Talking About Death

In the UK, talking about death is often seen as morbid, painful or even “tempting fate”. But it needn’t be like that – and the vast majority of people report afterwards that they feel much better for having had these conversations.

At MDMD we believe the solution is to make conversations about death part of life, rather than waiting until illness or old age to talk to friends and family. Talk early, talk often, and keep things in context rather than off limits.

Starting any conversation about death

Death is so little talked about outside of times of crisis that it is difficult for those of us rushing around in our daily lives to appreciate it is part of human existence. One thing that bereaved friends and relatives frequently say is they wish they hadn’t taken the everyday things for granted whilst their loved one was alive and well.

Accepting our own mortality helps us make the most of our lives and find value in everyday gestures. This is the biggest reward of breaking the taboo.

Starting a conversation about death doesn’t need any special status or solemnity, although it is useful to make sure you’re both comfortable: make a cup of tea, or take a walk, or simply start a normal conversation.

Try to pick a time when there will be no interruptions, but don’t worry if that happens. This is not intended to be a one-off event but rather a way of making sure that, when either of you think about death in any context, you know it is safe and healthy to share these thoughts with the other person. Just start off with “You know, I’ve been thinking…” and then say what you want to say.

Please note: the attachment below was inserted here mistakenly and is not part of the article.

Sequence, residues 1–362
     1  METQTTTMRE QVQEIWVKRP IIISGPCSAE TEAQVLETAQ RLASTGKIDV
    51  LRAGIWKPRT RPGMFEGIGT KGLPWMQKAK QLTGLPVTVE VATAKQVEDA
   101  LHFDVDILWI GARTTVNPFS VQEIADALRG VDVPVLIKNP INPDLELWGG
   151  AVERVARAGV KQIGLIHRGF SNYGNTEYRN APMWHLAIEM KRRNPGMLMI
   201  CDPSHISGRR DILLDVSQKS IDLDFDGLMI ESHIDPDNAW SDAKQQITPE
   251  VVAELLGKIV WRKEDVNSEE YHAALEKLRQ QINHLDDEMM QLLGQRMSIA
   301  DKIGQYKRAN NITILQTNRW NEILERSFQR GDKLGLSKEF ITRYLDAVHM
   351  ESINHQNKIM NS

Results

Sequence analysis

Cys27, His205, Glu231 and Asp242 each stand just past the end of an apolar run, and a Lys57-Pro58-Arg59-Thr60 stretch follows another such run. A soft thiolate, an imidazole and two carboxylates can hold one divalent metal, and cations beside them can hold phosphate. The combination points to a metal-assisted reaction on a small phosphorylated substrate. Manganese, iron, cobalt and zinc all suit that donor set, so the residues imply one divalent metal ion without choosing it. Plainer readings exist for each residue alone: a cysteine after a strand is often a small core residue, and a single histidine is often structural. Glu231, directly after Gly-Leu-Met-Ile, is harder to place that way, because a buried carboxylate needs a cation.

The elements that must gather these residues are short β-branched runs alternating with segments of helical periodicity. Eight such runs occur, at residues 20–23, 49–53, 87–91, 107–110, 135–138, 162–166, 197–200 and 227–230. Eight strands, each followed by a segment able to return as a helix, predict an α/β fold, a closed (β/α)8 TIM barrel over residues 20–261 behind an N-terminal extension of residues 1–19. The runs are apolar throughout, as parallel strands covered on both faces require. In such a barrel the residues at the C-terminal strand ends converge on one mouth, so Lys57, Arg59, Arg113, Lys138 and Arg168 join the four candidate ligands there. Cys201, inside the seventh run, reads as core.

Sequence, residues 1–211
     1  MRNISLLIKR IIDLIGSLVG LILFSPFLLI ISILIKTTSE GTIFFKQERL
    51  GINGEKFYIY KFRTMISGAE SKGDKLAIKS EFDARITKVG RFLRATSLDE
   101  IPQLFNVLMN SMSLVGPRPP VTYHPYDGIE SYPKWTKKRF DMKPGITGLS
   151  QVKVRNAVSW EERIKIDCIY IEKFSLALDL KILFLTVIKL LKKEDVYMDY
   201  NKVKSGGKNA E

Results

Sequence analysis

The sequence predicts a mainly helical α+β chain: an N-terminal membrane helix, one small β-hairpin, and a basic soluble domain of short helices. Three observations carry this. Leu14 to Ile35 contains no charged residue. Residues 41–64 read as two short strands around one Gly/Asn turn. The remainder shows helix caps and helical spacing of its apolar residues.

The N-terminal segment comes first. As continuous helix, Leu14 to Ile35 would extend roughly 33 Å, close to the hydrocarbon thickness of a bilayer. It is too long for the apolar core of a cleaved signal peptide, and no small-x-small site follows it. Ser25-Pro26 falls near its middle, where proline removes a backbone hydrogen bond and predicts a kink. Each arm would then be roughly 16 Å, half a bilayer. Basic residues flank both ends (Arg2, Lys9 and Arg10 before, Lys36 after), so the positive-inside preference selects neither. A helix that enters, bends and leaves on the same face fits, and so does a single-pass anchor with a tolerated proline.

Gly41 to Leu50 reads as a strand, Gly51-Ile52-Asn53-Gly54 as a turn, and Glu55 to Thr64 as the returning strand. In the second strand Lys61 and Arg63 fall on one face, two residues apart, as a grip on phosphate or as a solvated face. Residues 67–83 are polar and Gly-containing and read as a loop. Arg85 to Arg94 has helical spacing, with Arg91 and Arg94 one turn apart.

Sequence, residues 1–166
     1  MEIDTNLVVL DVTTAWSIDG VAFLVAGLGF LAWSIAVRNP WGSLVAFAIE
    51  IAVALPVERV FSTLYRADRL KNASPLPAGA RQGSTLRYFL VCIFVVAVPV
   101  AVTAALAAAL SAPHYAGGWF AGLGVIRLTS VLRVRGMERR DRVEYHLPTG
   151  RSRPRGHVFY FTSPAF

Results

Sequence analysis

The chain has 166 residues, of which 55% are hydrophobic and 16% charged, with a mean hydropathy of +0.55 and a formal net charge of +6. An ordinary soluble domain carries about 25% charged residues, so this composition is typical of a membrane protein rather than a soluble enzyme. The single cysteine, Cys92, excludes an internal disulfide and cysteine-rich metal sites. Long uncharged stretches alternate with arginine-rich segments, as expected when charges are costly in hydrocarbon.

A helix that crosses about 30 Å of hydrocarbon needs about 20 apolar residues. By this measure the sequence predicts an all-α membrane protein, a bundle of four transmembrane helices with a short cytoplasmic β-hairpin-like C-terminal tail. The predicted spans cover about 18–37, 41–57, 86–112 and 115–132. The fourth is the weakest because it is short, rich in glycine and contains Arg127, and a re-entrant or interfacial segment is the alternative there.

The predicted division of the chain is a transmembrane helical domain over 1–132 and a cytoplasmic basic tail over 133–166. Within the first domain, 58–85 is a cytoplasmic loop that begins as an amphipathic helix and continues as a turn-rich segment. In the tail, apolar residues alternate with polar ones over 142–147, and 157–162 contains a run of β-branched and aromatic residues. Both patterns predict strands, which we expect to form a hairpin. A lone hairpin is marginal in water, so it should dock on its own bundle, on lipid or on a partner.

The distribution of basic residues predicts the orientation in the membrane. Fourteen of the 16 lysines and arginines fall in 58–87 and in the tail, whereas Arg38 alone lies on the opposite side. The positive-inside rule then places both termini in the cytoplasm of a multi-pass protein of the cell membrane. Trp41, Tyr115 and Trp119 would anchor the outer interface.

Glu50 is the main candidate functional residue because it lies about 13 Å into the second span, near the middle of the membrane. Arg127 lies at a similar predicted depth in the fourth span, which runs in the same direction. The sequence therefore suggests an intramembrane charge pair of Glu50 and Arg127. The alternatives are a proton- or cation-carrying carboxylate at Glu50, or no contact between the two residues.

Starting a conversation about your own wishes or end-of-life choices

Having a more detailed conversation about your own wishes or end-of-life choices is much easier once comfortable conversations about death in general have been established. However, if you need to jump straight in, the following are useful “launch pads”:

Before starting the conversation, map out for yourself what you want to say. Consider whether you are actively requesting anything from the person, or simply seeking their emotional support.

During the conversation, make sure you leave room to listen so that it is a dual process. If the person you are talking to is reluctant to face mortality, say that you know you may have years left but that it will give you peace of mind to be able to talk with them now.

Their own wishes may be vastly different from yours. Politely but firmly explain that these are highly personal preferences: you respect that their choice would be right for them and hope they will respect that your choice is right for you.

The benefits of having a series of honest conversations

One of our younger MDMD members wants to share her own experiences in the hope of encouraging people to have more honest conversations.

In this video, she explains why a series of open conversations with her father has helped her come to terms with his death and build a better framework for her own life.

The Advance Decision form that Carrie mentions is available from Compassion In Dying, here.